Closure happened after accepting failure. I let go.

 

Chapter  5 – “It happened so fast!”

Stop drinking coffee. Start drinking coffee again because you read that small doses of caffeine help the body. Wheat germ is high in folic acid. Sprinkle wheat germ on everything. Eat full-fat dairy because you read a study that found lab mice who ate full-fat dairy got pregnant more easily. Stop eating full-fat dairy because you quickly gain seven pounds and obesity reduces your risk of becoming pregnant. Stop thinking about it so much because you’re obsessing. Think about it all the time because maybe The Secret works. Pray because your Catholic upbringing thinks you should. Stop praying because your education says it’s useless. Listen to meditations about visualizing the egg meeting the sperm. Start acupuncture. Look into Chinese herbs. Decide against Chinese herbs. Too expensive. Too woo-woo. Continue to research Chinese herbs in spite of previous decision. Agonize over all decisions past and present and possible future fuck ups. Feel like the Chinese herb thing has escalated to one of those unstoppable mental crises that makes no sense when spoken aloud. Cross off year one. Move into year two. It will probably happen in year two.

Everyone is pregnant all the time. Every couple you know. For like a year straight every mass text, email, and FB post was another charming-as-fuck pregnancy announcement. If you see another picture of baby shoes next to mommy and daddy shoes, you will kick your computer in the face.

“I didn’t think I’d get pregnant so fast.”

“It happened really fast.”

“Just like that.” *Snaps fingers.*

“We didn’t even mean to get pregnant.”

Say congratulations.

Say you’re so happy.

Say you’re really thrilled.

Don’t say fuck you, and fuck you, and fuck you too, oh, and fuck you.

Go to therapy. Take fish oil. Take another brand of fish oil. Take a prenatal. Try another prenatal. Try another one. Try a supplement regimen. Stop the supplement regimen. Feel sick and google “early pregnancy symptoms.” Feel tired and google “first trimester.” Start your period and google “missed miscarriage.” Brush your teeth and feel sick and google “strange ways you knew you were pregnant.”  Read hundreds of posts by women who ask: “Can you get your period and still be pregnant?” Stop going to therapy because your insurance doesn’t cover it. Have a total meltdown about not being able to sit in front of a professional who does not judge your meltdowns. Feel like you can’t even do the things you need to do to help yourself.  Feel like a failure. Sit in the upstairs bathroom at a party and look at yourself in the mirror and feel super fucking pathetic, and by the way, fuck year two. Year three it is.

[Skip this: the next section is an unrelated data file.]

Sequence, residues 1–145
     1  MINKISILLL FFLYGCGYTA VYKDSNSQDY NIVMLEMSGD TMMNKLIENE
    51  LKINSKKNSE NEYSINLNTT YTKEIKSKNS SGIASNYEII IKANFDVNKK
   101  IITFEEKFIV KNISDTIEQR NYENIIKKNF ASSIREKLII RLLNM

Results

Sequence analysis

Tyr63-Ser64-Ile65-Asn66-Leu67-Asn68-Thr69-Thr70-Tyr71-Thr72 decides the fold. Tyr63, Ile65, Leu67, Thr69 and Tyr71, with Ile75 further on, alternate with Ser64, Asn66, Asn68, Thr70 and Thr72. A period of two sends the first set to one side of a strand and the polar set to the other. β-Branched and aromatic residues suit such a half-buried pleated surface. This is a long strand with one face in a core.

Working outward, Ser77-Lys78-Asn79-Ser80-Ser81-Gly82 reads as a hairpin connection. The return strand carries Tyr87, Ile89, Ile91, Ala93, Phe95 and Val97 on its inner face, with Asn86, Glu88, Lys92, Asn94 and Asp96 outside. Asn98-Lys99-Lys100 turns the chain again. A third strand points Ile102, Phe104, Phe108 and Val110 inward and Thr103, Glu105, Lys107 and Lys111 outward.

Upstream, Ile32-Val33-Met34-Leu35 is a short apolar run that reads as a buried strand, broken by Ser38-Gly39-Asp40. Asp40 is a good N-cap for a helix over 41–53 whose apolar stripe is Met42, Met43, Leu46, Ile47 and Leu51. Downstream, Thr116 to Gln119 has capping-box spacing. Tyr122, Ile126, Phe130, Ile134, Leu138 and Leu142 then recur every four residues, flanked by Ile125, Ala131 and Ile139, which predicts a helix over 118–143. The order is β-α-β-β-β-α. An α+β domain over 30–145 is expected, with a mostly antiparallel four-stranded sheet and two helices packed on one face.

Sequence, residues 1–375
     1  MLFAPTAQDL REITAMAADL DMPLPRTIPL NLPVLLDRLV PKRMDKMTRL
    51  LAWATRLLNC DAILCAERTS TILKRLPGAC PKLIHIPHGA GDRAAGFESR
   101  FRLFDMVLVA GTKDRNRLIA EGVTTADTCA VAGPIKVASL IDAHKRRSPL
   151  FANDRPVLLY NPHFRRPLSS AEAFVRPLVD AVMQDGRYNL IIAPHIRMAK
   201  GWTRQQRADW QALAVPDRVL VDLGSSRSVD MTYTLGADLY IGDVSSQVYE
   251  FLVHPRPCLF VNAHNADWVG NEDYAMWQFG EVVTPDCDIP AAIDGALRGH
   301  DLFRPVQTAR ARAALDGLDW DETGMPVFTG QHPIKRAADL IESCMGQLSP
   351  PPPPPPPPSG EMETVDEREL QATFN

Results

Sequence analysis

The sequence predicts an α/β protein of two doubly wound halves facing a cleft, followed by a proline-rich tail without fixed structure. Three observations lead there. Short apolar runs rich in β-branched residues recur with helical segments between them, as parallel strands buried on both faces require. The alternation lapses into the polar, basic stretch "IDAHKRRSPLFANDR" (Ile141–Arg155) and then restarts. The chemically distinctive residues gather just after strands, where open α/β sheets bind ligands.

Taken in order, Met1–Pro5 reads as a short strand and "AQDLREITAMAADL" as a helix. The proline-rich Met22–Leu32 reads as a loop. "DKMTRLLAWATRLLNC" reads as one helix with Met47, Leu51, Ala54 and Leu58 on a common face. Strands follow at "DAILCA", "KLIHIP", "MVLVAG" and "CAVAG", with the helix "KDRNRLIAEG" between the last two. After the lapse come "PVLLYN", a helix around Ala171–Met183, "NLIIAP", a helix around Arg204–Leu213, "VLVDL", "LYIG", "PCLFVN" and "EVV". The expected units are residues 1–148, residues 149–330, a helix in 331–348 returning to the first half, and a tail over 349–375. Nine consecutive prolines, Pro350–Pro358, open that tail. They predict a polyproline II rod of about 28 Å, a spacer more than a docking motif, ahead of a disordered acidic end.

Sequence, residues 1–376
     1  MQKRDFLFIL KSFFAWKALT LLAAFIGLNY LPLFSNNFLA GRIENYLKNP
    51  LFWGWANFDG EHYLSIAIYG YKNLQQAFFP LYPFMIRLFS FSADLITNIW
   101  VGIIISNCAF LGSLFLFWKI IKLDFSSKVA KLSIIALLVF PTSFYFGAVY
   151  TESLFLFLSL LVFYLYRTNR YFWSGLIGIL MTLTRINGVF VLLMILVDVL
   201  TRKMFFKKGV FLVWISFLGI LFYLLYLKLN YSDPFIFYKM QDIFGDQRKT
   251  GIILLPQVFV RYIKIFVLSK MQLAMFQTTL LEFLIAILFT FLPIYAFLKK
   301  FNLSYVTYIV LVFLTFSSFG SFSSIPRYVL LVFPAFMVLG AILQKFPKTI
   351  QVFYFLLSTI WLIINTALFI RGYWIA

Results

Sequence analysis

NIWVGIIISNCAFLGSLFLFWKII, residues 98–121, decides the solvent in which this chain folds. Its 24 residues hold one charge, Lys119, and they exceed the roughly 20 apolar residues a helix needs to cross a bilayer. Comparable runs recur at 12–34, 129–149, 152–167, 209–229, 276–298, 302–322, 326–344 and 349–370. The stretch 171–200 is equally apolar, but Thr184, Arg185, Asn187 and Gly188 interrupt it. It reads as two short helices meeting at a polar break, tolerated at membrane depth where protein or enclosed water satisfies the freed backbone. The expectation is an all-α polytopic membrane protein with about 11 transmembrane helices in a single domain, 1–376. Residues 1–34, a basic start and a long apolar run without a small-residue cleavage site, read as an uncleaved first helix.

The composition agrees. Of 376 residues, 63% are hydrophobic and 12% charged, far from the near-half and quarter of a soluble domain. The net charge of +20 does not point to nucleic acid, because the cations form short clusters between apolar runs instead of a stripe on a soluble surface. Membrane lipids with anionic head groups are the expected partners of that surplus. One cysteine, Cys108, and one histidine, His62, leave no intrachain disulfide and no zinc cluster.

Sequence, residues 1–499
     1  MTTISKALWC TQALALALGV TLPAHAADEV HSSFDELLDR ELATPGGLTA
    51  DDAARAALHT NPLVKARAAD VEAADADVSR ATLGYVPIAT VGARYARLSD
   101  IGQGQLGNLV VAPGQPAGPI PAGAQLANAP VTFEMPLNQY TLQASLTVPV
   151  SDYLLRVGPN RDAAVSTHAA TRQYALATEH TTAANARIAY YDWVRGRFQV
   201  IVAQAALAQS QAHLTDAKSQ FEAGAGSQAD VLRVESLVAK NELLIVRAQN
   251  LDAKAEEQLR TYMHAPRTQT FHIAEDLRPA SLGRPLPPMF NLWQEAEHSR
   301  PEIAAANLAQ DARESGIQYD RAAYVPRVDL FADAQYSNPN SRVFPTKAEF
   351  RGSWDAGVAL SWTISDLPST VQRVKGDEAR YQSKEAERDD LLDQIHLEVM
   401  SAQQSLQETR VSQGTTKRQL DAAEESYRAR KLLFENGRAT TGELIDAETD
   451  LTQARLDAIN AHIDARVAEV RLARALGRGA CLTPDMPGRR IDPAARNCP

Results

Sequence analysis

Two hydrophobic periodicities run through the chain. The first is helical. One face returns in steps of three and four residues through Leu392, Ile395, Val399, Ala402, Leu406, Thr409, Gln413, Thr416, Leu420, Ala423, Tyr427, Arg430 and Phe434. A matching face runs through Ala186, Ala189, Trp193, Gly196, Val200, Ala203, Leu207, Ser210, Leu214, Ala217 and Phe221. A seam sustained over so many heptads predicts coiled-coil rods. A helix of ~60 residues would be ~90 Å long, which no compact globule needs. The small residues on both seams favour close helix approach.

Hear people tell you the story of their friend who couldn’t get pregnant but adopted a baby and then got pregnant. Hear people tell you they couldn’t get pregnant for like five years for no reason and then suddenly they were pregnant because they relaxed. Hear people tell you that kids are a fuck of a lot of work anyway so you probably don’t want them. Hear people tell you that fertility treatment is not natural, ergo, your child won’t be natural if you get pregnant anyway.